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Western Anatolia was a Cruise

This time I promise no phallices!

sunny 95 °F

We arrived in Olympus with ease. We walked from our beautiful cabin to the road, waved our arm at our side, got picked up by an extremely nice mother with her two sons, and arrived at the bus station. We caught the bus within 2 minutes, and found Çıralı about an hour and a half later. We caught the Doumuş within 2 minutes and dropped at the front door of Kadir’s, our home for the next few nights. And to think we budgeted 5 hours for this? I wish travelling was always as easy as it is in Turkey!

Olympus is a mediocre destination, with ruins that aren’t preserved very well, and a rocky beach. So, why would we come? It has climbing! It also happens to be a kick-off point for cruises to Fethiye, a port city further west. We climbed two days (mornings really), and I bouldered on the beach the third evening while Kym got some rays. It was fun climbing and refreshing to find a rock surface that wasn’t quite so sharp.

Kym at one of the crags in Olympus

Visiting the ruins of Olympus:

The Olympus Beach at dusk:

The third day we visited the Chimera (it has about 5 different spellings). According to Greek Mythology, the Chimeara was a fire breathing animal slayed by the guy who rode Pegasus, the flying horse (I don’t remember names well – sorry). The Çımera was so powerful that the fire still burns today. In Olympus, they held a race where athletes would run to the Chimera, light a torch and run back, and this started the modern torch ceremony in the Olympic games we know today! Long story short, we went there! Although the history is cool, it was a bit anticlimctic. The ruins aren’t preserved well, there is trash everywhere from tourists leaving crap, and it was a long, hot, and dusty road to get there. But because of the history it was cool to see.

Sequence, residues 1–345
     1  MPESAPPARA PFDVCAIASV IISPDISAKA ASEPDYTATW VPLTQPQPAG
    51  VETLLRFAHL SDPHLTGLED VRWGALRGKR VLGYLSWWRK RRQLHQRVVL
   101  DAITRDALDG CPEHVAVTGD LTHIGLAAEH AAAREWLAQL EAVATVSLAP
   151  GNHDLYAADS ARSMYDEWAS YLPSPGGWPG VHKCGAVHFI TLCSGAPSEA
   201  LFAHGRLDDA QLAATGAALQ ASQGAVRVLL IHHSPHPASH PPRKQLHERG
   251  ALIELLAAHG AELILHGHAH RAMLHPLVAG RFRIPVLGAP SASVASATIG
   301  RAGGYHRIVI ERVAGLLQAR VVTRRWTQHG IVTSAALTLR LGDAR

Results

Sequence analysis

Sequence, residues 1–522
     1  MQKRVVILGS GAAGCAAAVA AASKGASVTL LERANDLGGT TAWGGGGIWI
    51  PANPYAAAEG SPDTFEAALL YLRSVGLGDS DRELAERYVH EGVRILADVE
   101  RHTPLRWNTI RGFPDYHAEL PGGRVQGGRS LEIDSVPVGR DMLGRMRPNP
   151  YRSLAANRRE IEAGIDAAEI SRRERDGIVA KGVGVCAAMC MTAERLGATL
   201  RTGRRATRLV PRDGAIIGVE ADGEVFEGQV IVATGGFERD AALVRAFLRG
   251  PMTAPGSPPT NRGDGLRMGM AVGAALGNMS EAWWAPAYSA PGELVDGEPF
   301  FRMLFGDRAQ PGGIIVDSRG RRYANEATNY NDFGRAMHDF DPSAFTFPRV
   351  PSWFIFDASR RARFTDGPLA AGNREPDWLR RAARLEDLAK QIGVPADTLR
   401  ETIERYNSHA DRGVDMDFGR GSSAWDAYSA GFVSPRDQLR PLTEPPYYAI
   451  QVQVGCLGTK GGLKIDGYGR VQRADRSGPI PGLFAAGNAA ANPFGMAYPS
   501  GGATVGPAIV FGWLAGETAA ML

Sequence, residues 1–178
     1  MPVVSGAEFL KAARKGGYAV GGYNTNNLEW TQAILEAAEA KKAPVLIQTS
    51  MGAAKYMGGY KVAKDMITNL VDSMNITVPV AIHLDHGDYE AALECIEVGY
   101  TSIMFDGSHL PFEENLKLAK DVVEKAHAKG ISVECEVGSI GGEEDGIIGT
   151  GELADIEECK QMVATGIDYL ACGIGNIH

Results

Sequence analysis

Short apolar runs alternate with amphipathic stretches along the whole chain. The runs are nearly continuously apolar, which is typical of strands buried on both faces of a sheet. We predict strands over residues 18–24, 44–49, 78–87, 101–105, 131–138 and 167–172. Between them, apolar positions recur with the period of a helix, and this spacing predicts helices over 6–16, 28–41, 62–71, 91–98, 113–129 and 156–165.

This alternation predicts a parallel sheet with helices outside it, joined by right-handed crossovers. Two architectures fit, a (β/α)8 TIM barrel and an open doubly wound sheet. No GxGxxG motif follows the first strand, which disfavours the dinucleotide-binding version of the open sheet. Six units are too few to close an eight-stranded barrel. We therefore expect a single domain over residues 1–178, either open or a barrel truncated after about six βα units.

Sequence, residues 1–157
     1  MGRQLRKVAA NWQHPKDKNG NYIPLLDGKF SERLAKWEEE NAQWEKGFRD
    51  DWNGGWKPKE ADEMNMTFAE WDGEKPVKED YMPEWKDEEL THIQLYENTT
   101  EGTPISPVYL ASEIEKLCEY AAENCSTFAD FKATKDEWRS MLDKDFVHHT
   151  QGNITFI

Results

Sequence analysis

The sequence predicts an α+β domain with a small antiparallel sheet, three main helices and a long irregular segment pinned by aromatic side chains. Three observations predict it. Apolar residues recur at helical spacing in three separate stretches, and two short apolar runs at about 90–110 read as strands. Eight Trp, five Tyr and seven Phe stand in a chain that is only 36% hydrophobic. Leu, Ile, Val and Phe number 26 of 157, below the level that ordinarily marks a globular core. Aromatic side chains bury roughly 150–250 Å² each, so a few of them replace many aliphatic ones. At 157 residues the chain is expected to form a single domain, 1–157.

The Chimeara:

The next day we started our boat tour. It was relaxing, beautiful, and fun. It was a family-run boat, the dad was the captain, the mom the cook, and the son the mate. The food was spectacular and there was definately no shortage. There were six cabins, but only four groups of two, so we had a pleasant cruise without it feeling crowded. We sun-bathed, read, swam, and ate for four days. We even waterskied one evening. The ski was a little short and it was tough skiing on water that was as choppy as Lake Washington on the 4th, but it was very fun nonetheless. It was also surprisingly inexpensive! It was definately worthwhile.






The remains of a sunken city due to an earthquake many years ago:

Our wonerful travel companions:

The famous Butterfly Valley:






It was sad to say goodbye to our new family and the port of Fethiye was a chaotic mess of touristy shops, trinkets, expensive shopping, and not at all what we were used to. In the morning we went to Selçuk, the town 3km from the ruins of Ephesus. This morning we toured those ruins and tried to picture how they looked 2,500 years ago. There are many stages of repair and refurbishment, but I enjoyed seeing some parts as rubble on the ground and some as reconstructed to their original splendor. The city must have been a spectacular sight to see long ago and even today the pictures don’t do it justice.

The ruins of Ephesus:




Everyone should sit on a marble toilet seat at least once in their life:




Tomorrow we leave our much-enjoyed country of Turkey, heading for the Greek Islands. The plan is to visit a few islands and catch a glimpse of the mainland before our flight out of Athens on the 21st. The time has gone by so fast!

Miss you all,


Posted by kym.haley 07:13 Archived in Turkey Tagged backpacking

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Hi Jaime & Kym Thank you so much for sharing your trip with me. I have enjoyed all your pictures. What a wonderful experience. Makes me want to travel somewhere. Thanks again for sharing. Be well. Bye for now. Margaret

by Margaret Mancini

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